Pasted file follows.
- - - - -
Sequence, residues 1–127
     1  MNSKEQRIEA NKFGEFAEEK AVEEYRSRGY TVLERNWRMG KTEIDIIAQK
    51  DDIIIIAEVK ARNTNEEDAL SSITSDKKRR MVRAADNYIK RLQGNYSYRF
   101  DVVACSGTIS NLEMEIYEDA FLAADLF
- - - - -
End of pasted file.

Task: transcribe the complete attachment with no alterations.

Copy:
Sequence, residues 1–127
     1  MNSKEQRIEA NKFGEFAEEK AVEEYRSRGY TVLERNWRMG KTEIDIIAQK
    51  DDIIIIAEVK ARNTNEEDAL SSITSDKKRR MVRAADNYIK RLQGNYSYRF
   101  DVVACSGTIS NLEMEIYEDA FLAADLF